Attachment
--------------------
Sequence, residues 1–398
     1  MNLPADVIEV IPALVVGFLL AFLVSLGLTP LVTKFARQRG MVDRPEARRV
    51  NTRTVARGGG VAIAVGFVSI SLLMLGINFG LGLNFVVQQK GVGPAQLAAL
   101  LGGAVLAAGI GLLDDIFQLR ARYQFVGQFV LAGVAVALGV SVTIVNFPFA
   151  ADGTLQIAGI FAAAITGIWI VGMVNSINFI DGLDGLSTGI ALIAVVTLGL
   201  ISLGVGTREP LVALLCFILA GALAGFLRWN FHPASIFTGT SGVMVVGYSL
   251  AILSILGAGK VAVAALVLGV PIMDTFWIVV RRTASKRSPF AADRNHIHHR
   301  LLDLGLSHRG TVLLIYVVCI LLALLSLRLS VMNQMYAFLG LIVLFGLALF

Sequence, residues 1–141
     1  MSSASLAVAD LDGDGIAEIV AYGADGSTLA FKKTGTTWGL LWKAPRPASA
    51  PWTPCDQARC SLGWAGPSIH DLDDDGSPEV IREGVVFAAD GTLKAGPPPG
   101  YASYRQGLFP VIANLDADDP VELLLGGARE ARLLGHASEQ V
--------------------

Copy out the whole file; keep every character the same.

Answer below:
Sequence, residues 1–398
     1  MNLPADVIEV IPALVVGFLL AFLVSLGLTP LVTKFARQRG MVDRPEARRV
    51  NTRTVARGGG VAIAVGFVSI SLLMLGINFG LGLNFVVQQK GVGPAQLAAL
   101  LGGAVLAAGI GLLDDIFQLR ARYQFVGQFV LAGVAVALGV SVTIVNFPFA
   151  ADGTLQIAGI FAAAITGIWI VGMVNSINFI DGLDGLSTGI ALIAVVTLGL
   201  ISLGVGTREP LVALLCFILA GALAGFLRWN FHPASIFTGT SGVMVVGYSL
   251  AILSILGAGK VAVAALVLGV PIMDTFWIVV RRTASKRSPF AADRNHIHHR
   301  LLDLGLSHRG TVLLIYVVCI LLALLSLRLS VMNQMYAFLG LIVLFGLALF

Sequence, residues 1–141
     1  MSSASLAVAD LDGDGIAEIV AYGADGSTLA FKKTGTTWGL LWKAPRPASA
    51  PWTPCDQARC SLGWAGPSIH DLDDDGSPEV IREGVVFAAD GTLKAGPPPG
   101  YASYRQGLFP VIANLDADDP VELLLGGARE ARLLGHASEQ V